A note for those discerning readers who flip past the earlier pages of Review (saving them for later, of course) to read this column first: this week I have written the cover story, an interview with the writer behind the stage adaptation of Peter Carey’s debut novel Bliss and the actor who will play the leading role of Harry Joy. It was illuminating, and a lot of fun.
Carey, a dual Man Booker Prize winner, is relevant to something I have been thinking about of late: the collective impact a single writer can have on other writers. Carey speaks of Gabriel Garcia Marquez as the writer who rewrote the rule book so others could join the game. He has said Marquez, born only 16 years before he was, changed his life. His 1967 novel One Hundred Years of Solitude “threw open the door I had been so feebly scratching on”.
I have a feeling that Michael Ondaatje, who at 74 is the same age as Carey, is a similar figure to writers who are a generation or so younger. The fine Australian novelist Ashley Hay puts it simply and elegantly in her review on these pages of Ondaatje’s new novel, Warlight: “Being among Michael Ondaatje’s sentences is one of my favourite places to be.”
I’m with her on that. I pulled out my waterdamaged home copy of The English Patient, a 1993 Picador paperback, and skimmed through it to check what I had underlined when I first read it back then. Quite a lot as it happens, and most of it about the love affair between the “Englishman” and Katharine. I will go with this one: “He has been disassembled by her. And if she has brought him to this, what has he brought her to?”
Like Hay, I just like being among Ondaatje’s sentences. While The English Patient (1992) is my favourite of his books, the one that pops up most when I talk about him to writers is In the Skin of a Lion (1987). That is a magnificent book, too. I am yet to read Warlight as I’ve been caught up in the Sydney Writers Festival and other matters, but when I do I will report back.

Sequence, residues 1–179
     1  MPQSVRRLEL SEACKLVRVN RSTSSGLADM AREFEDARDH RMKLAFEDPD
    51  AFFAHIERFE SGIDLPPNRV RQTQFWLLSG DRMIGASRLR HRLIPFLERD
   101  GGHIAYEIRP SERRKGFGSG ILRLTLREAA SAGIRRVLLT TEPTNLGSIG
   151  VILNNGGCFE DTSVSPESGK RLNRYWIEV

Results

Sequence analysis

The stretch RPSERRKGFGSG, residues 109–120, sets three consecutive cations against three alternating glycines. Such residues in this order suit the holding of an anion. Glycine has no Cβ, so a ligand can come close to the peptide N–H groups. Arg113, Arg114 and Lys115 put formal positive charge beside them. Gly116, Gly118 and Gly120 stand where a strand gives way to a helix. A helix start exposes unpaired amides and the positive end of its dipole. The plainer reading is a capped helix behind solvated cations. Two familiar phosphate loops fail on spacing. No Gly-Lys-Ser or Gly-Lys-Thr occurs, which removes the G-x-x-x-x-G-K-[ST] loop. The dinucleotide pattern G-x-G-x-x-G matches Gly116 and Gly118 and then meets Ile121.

To finish this thought, who was Marquez’s Marquez? You may well know, but I didn’t so I did some Googling. It was Franz Kafka, who died three years before Marquez was born.
When Marquez first read The Metamorphosis, the opening line “almost knocked me off the bed”. He said he didn’t realise until that moment that “anyone was allowed to write things like that”. In response, he started writing his own short stories. Three cheers to Bram Presser, a Melbournebased musician and writer, for the triumph of his debut novel, The Book of Dirt, at the NSW Premier’s Literary Awards. The Holocaust novel, inspired by Presser’s grandparents, won the fiction and new writing prizes and also the People’s Choice Award. It’s a remarkable book. Our quote of the week goes to Sri Lankanborn Australian novelist Michelle de Kretser. She and I did a SWF event at Katoomba this week to discuss her new novel The Life to Come, which combines humour and sadness in brilliant equal measure. My final question drew on the book I talked about here last week, Annie Spence’s Dear Fahrenheit 451, in which the librarian-author writes letters to authors and/or their books.
Who would de Kretser write to, I asked, thinking it would be a bit of fun. She paused and said that while she rarely wrote to writers, she had just done so, to the English novelist Jane Gardam, who is 89. The reason was because she wanted to thank her for her work.
This failure to thank a writer, she went on, was one of her great regrets. She should have written to the expatriate Australian writer Shirley Hazzard, who died in 2016, to say, and here is the quote, “Thank you”. As de Kretser said that, I noticed tears in her eyes. She is a superb writer, a wonderful person and it is a privilege to know her.